Both MDMA (ecstasy) and testosterone drugs are prescribed to couples to enhance their libido, but the danger is in the mind-altering effects on the patients. As a woman who has taken both ecstasy (1985, twice) and testosterone therapy (2009-2012), I consider myself somewhat of a biological expert on how my body responded to each of those drugs. I believe it is important to start educating the public on testosterone therapy. I strongly believe that doctors should be held accountable for testosterone levels going beyond the value ranges given for their specific age group.

For example, a value range for a woman my age, 47, is between 15-65.  In my case, while on testosterone medication, I fluctuated between 200 and 437 and my life took on a whole new meaning. I was overdosing on testosterone (Tomlinson) but I did not realize it at the time. I was on a drug high and then three months later I would crash and feel depressed, almost like coming down from an ecstasy high or cocaine high.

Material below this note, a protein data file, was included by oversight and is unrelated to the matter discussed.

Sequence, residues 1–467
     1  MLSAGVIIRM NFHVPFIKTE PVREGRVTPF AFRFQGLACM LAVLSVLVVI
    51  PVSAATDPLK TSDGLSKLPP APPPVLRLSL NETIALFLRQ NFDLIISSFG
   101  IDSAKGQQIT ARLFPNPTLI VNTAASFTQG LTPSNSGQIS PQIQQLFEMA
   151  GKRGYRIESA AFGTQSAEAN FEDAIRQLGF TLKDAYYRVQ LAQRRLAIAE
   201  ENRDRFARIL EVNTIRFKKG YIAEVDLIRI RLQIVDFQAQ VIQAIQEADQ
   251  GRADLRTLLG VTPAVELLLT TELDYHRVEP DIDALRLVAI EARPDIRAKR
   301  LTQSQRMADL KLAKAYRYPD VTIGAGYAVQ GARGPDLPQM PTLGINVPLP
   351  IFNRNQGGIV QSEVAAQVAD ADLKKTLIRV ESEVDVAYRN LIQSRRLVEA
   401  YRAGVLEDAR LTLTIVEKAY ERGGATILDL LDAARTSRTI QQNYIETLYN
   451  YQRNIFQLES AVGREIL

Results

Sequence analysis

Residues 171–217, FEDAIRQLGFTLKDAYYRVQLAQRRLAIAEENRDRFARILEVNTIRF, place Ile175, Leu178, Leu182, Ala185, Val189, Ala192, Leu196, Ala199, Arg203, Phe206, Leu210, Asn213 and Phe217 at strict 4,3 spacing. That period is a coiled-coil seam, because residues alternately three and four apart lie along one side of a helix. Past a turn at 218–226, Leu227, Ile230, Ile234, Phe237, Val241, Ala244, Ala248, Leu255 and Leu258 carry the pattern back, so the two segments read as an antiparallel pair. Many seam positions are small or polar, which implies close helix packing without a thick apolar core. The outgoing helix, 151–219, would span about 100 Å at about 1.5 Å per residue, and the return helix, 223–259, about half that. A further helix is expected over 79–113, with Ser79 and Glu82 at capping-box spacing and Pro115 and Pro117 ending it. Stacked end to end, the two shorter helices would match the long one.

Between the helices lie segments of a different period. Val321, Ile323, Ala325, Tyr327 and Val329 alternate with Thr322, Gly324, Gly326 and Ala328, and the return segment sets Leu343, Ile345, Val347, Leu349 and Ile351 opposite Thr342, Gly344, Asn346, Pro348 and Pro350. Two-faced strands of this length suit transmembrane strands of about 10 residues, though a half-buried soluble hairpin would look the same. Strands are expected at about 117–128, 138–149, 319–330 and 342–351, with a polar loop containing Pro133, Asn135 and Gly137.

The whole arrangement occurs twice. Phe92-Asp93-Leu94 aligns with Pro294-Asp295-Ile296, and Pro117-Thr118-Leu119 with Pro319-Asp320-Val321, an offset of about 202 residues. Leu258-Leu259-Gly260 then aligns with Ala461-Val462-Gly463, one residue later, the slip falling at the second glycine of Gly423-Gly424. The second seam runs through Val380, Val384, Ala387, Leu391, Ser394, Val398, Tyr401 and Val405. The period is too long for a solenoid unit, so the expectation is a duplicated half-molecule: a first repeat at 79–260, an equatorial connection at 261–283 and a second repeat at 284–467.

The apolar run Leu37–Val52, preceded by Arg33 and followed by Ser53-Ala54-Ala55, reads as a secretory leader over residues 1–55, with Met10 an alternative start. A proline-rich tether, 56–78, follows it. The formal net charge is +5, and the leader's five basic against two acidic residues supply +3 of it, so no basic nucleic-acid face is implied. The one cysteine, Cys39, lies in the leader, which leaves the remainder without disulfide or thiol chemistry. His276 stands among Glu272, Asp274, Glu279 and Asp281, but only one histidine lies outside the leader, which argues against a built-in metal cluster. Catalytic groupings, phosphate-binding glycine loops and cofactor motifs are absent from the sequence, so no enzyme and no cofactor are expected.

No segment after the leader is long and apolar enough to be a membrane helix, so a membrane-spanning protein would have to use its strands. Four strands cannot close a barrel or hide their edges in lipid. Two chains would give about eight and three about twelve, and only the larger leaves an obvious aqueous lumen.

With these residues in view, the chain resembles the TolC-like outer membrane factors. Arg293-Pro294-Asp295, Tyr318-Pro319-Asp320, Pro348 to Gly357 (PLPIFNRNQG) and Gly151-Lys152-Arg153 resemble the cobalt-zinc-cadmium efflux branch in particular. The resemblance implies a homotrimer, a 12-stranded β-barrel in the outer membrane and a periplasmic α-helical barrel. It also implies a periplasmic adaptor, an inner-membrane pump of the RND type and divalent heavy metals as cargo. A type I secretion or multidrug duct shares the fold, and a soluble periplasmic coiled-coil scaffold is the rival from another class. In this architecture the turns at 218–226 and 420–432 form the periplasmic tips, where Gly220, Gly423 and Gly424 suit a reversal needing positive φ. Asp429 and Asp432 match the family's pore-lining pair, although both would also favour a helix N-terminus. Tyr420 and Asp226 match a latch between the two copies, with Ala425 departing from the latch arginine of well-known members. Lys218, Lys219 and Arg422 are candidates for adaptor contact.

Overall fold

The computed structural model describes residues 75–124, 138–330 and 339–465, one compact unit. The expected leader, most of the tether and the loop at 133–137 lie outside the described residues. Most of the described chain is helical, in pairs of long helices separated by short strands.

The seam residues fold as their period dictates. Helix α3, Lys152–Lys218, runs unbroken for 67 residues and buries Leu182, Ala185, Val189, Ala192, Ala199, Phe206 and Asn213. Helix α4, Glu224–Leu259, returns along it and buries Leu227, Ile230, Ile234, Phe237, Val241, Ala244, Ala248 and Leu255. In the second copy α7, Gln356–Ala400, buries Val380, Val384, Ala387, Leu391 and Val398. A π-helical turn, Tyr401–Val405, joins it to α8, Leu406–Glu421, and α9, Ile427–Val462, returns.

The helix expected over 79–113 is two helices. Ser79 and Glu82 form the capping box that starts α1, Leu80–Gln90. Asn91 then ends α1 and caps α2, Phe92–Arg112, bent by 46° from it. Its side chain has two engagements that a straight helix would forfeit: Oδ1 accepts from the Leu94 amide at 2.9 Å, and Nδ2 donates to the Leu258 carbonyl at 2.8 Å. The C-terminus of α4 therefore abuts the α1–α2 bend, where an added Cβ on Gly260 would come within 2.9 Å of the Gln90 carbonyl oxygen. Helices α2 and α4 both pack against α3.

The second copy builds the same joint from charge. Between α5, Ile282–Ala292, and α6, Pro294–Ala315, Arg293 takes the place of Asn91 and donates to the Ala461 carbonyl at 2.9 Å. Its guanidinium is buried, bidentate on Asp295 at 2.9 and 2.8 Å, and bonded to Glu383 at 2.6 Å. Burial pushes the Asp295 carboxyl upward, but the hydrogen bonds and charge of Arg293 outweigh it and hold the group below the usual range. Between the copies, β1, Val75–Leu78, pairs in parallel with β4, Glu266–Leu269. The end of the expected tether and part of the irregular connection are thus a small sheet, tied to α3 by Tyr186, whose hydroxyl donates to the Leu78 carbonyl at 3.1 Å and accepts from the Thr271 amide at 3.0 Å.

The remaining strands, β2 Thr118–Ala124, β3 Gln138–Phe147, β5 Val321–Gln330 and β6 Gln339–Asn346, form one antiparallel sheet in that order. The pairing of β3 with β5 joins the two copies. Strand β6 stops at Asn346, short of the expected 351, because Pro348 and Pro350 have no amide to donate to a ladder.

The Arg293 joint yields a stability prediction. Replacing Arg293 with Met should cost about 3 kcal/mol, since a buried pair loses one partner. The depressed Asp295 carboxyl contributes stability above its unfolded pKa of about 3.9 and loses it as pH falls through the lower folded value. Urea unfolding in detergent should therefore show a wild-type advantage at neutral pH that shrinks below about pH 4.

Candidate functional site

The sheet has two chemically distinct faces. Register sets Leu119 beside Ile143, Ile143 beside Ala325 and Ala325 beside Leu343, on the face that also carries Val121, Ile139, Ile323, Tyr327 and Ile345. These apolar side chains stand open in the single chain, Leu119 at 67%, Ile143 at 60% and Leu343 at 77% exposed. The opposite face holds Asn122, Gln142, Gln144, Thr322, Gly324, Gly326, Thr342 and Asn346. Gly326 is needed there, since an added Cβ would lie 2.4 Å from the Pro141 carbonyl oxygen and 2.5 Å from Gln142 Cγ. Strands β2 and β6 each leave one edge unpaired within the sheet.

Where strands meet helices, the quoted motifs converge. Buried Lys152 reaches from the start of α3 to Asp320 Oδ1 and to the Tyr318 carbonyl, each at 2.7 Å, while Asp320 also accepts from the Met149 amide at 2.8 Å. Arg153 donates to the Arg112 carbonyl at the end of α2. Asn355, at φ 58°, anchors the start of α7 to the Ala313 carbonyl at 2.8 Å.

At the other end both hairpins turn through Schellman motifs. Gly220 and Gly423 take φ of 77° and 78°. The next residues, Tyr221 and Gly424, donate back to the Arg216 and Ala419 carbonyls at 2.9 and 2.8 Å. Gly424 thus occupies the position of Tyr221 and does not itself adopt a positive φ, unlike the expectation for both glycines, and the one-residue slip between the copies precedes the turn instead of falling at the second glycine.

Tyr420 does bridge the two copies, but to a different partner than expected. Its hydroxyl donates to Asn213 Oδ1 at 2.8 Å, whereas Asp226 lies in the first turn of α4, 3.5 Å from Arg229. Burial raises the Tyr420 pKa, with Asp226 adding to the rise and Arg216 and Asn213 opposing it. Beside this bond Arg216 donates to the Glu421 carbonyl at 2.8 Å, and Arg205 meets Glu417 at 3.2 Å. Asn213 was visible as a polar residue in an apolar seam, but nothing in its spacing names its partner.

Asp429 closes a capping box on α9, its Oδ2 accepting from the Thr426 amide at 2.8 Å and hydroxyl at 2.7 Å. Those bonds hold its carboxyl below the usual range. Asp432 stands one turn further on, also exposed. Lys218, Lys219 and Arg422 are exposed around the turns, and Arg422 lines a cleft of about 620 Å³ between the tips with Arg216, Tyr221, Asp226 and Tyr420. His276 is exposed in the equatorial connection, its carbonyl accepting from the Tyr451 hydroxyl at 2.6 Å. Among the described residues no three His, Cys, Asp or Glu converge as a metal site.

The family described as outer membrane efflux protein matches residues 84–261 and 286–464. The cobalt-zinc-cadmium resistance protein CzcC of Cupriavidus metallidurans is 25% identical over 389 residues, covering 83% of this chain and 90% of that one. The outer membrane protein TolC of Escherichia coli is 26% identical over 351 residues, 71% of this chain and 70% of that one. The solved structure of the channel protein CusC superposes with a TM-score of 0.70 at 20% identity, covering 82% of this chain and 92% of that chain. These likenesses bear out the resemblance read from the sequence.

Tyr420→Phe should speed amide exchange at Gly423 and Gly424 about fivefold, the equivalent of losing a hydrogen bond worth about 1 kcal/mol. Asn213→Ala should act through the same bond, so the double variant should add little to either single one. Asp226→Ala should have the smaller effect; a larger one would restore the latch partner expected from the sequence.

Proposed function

Women in particular, especially those who begin to experience symptoms of perimenopause or menopause, should be aware of this new practice of administering testosterone therapy. Women typically turn to their trusted doctor, whom they believe to have their best interest at heart. It is not uncommon for an OB-GYN to suggest bio-identical hormone replacement therapy, if they suspect you are in perimenopause or menopause.